Delhi is a city of monuments, tombs and gardens. It is actually a very beautiful city, and the perfect introduction for any tourist, let alone a Grand one, to India.
On a clear day with blue skies – an increasingly impossible phenomenon due to the crushing air pollution – the city has a charm all unto its own.
We continue our sojourn here with a romp through two Mughal tomb complexes, a large garden in central Delhi, and a few other smaller monuments. Most of our tour takes place south of (Lutyens’) New Delhi.
Humayoun’s Tomb (and Safdarjung’s Tomb)
Of the five great Mughal Emperors, one of them – Humayoun, the second of the Great Mughals – is located here in Delhi. Of the other four – Babur’s Tomb lies in Kabul, Afghanistan, Akbar in the outskirts of Agra, Shah Jahan is entombed with his wife in the Taj Mahal, and Jahangir’s tomb sits in Lahore, Pakistan.
Humayoun’s tomb was built in 1570 and commissioned by the Mughal Emperor’s widow, Empress Bega Begum. It begins an architectural tradition of Mughal Royal Mausoleums that reaches its zenith with the Taj Mahal.
The tomb itself is symmetrical, and situated in a Persian-style, Paradise Garden or Char Bagh. The entire complex, which includes other important and minor tombs, is a UNESCO World Heritage Site.
Some 4 kilometres down Lodhi Road from Humayoun’s Tomb sits Safdarjung’s Tomb, another example of Mughal Tomb Architecture. The tomb was built in 1754, during the late Mughal period and is the last monumental tomb garden built by the Mughals.
Safdarjung was the Prime Minister of the Mughal Empire during the reign of Emperor Ahmed Shah Bahadur. Interestingly, the tomb complex sits facing Humayoun’s Tomb on the central 4 kilometer axis of Lodhi Road.
Between both tombs, though a stone’s throw from Safdarjung’s Tomb, sits Lodi Gardens. The sprawling gardens are home to yet more tombs, hailing primarily from the Lodi Dynasty (from which the Gardens get their name) but also from the Sayyid Dynasty – the two late dynasties of the Delhi Sultanate.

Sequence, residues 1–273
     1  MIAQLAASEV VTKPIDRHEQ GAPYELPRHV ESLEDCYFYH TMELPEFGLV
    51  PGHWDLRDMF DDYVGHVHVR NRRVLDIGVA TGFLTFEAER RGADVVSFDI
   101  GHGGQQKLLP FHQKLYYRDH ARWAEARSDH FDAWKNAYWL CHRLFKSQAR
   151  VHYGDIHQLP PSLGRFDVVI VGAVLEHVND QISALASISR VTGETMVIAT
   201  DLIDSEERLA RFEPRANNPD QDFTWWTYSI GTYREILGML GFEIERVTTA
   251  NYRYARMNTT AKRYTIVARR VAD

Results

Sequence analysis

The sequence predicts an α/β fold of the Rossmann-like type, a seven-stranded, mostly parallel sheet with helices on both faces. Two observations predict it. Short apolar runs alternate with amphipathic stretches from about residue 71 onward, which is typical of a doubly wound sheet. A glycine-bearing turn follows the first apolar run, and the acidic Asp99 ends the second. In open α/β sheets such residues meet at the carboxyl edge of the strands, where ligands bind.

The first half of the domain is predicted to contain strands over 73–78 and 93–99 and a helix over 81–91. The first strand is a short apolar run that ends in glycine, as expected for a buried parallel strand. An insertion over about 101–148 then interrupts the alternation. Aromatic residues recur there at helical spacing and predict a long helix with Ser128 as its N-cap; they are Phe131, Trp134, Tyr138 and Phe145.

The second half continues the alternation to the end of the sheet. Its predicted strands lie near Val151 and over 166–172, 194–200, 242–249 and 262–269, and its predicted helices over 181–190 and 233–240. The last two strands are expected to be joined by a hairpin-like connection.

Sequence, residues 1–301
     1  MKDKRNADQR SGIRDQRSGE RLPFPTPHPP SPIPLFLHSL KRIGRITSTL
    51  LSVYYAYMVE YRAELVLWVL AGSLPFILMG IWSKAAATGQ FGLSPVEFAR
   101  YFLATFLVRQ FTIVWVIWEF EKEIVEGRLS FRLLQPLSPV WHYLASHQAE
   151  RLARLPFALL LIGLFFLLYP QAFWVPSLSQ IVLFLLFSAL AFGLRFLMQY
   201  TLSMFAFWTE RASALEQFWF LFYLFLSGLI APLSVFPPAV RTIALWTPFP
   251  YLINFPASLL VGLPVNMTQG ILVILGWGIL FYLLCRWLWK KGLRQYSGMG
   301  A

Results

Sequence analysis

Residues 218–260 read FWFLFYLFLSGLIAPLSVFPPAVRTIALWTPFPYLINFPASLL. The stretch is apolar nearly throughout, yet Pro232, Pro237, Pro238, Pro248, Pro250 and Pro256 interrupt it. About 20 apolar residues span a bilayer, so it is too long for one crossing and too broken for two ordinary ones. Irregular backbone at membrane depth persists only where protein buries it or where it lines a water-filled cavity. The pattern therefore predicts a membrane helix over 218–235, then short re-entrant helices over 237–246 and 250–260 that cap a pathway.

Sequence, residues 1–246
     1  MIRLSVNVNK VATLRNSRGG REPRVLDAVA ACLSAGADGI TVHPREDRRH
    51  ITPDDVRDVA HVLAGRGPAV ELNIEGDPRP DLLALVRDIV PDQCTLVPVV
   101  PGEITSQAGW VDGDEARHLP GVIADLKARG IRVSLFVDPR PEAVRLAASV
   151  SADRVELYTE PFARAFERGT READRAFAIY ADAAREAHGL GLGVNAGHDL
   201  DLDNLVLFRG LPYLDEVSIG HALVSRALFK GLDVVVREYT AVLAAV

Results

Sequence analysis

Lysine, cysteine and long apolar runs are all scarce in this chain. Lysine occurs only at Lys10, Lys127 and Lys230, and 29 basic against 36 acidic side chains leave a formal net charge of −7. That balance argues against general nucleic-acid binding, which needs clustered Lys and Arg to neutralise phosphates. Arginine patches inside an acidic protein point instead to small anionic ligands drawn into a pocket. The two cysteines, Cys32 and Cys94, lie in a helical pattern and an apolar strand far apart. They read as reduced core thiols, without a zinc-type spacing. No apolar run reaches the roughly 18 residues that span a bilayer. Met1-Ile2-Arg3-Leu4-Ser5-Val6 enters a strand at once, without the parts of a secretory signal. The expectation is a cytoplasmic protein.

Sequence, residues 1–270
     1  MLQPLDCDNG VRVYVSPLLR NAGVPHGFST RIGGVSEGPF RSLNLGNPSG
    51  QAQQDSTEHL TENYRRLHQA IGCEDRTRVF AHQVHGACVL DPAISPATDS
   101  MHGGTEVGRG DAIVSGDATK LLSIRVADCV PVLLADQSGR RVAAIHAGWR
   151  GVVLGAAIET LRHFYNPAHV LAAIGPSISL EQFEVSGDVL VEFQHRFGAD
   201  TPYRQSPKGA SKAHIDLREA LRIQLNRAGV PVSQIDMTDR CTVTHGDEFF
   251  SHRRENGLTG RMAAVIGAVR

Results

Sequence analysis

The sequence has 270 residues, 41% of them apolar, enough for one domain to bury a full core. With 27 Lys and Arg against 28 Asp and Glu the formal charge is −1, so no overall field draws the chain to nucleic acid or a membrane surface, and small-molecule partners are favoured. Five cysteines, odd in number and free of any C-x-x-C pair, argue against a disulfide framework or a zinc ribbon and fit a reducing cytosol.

The earliest of the tombs in the Gardens is that of Mohammed Shah, the second last of the Sayyid Dynasty, built in 1444. Two other important structures in the Gardens are the Bara Gumbad and (three-domed) Mosque (from 1494) – which I found just delightful in terms of its architectural detail – and the tomb of Sikander Lodi (1517), the second-last of the Lodi Sultans.
Lodi Gardens is a delightful place when the weather is fine, and one can often see groups of young persons, dating couples, or whole families picnicking on the green, around the many scattered monuments.
Jantar Mantar and Agresen ki Baoli
We take a detour up north through Lutyens’ New Delhi to Connaught Place. In the vicinity sit two key monuments.
The first is the Jantar Mantar – a historic observatory with a small collection of monumental astronomical instruments, dating from 1723. Designed and built by Maharajah Jai Singh II of the Rajput state of Jaipur, it is one of five Jantar Mantars, two other jantar mantars being located in Varanasi and the city of Jaipur itself.
Within walking distance from the Jantar Mantar is the Agresen ki Baoli, an ancient stepwell that probably dates from the 14th century. It is also popular with tourists and Delhi-ites alike.